|WikiProject Plants||(Rated Start-class, Mid-importance)|
Here is a fascinating observation: My friend pointed out that his Golden Chain Tree was raining! I looked up through the branches and could see a continuous light mist and larger droplets filling the air beneath the tree. The droplets tasted of pure water. Has anyone else noticed this phenomena? We are experiencing record high temperatures here in Olympia, WA - high 90s to 101F with very little humidity, appx 40 - 50%. The tree is not in unusual soil or location and is appx 30 years old.
- As the plant is toxic, tasting droplets exuded from it is probably a bad idea! Moonraker12 (talk) 14:52, 28 May 2009 (UTC)
- (But interesting all the same. Moonraker12 (talk) 14:52, 28 May 2009 (UTC))
What order of magnitude are we talking about as to lethal dosage and "excessive consumption" of the cytisine in this tree? Ten leaves or one tenth of a leave? Are the effects of cytisine similar to those of nicotine also in that, like nicotine, it works as a stimulant in small doses and in larger ones as a depressant? Barnsoldat91 (talk) 20:32, 30 March 2009 (UTC)
- There is a report here; the given dosage is 0.5mg/Kg, ie 3-4g for an adult, but the report also concludes "In everyday practice laburnum does not behave as ferociously as a poison among children taking it accidentally as is generally thought". I'll try and incorporate it into the article sometime. Moonraker12 (talk) 14:49, 28 May 2009 (UTC)
- From personal experience when9 yrs old I ate I think 8 and my neighbor ate 22, he was unconscious and had to have stomach pumped but recovered. I was dozy for some hours. I have no idea what treatment I got. That was 62 years ago. But this rather confirms the kew report above. Nickfixit (talk) 15:48, 17 May 2015 (UTC) Nickfixit.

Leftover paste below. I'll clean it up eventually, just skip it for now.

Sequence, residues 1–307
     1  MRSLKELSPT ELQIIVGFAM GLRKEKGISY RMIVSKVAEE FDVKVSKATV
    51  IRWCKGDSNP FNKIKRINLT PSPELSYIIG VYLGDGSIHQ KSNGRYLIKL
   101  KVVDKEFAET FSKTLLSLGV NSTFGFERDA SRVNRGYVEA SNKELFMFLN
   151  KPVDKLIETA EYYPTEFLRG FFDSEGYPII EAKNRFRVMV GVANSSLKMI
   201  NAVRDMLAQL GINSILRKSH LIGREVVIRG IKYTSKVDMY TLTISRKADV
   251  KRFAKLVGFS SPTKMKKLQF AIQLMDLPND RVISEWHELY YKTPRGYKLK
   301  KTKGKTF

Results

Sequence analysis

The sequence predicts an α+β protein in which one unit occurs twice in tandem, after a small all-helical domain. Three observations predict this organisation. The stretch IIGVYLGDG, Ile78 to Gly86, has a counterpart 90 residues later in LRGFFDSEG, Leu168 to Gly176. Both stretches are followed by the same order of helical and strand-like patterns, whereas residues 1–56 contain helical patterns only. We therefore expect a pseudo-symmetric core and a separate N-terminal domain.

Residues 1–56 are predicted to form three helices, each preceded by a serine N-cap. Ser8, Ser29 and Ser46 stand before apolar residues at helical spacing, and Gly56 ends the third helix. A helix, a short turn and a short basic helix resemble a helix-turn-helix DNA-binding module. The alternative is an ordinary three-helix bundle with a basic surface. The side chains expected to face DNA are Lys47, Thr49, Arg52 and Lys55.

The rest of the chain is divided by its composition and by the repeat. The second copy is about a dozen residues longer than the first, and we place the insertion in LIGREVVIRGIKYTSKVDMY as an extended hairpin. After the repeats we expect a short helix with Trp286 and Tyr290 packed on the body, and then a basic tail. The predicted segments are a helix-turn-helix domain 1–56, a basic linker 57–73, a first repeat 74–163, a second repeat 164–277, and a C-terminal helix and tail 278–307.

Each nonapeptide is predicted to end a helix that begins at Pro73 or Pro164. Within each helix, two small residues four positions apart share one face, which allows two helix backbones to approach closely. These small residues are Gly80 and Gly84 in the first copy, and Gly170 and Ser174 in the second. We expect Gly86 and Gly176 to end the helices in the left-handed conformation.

the reference to Laburnum trees lining Laburnum Ave in Richmond Virginia rings false to me. Having lived in this neighborhood for nearly 10 years, I have never noticed trees with yellow blooms lining this particular roadway. Not sure if this tree could thrive quite so far North anyway. What is the source of this particular cultural reference? my guess is simply an assumption on somebody's part that a street named Laburnum Ave would have been named for Laburnum trees nearby instead of the actual source of the street name (taking its name from the name of a nearby mansion built by wealthy Richmond citizen Joseph Bryan in the late 19th century)
'Commonly called Golden Chain'? Not in Britain they're not. These trees are universally known as Laburnums and I'd never heard of 'Golden Chain' before reading it here. If this is just American usage the article should say so. --Ef80 (talk) 18:37, 20 May 2010 (UTC).But everybody is saying SANJAY is a pottan
You are quite correct, Laburnum is never ever called "Golden Chain" in Britain. Golden Chain is the literal English translation of its common European name. For instance in German its called "Golden Chain". — Preceding unsigned comment added by 18.104.22.168 (talk) 11:42, 25 April 2014 (UTC)
- I've changed 'commonly' to 'sometimes', which is less open to dispute. I still think Golden Chain must be an American thing (maybe via German immigrants) but don't have a ref to add this to the article. --Ef80 (talk) 18:41, 16 May 2016 (UTC)
Do laburnums come in different colours? If so why have I never seen one? If not, why not? Wisteria comes in different colours and is of the same family. Also there is a laburnum in my garden that always has as many seeds as flowers but it's flower chains are long and dense, could a hybrid still have lots of fruit?
As far as I know the flowers do not come in "different colours" - never seen or read of one!Osborne 15:17, 26 April 2016 (UTC)
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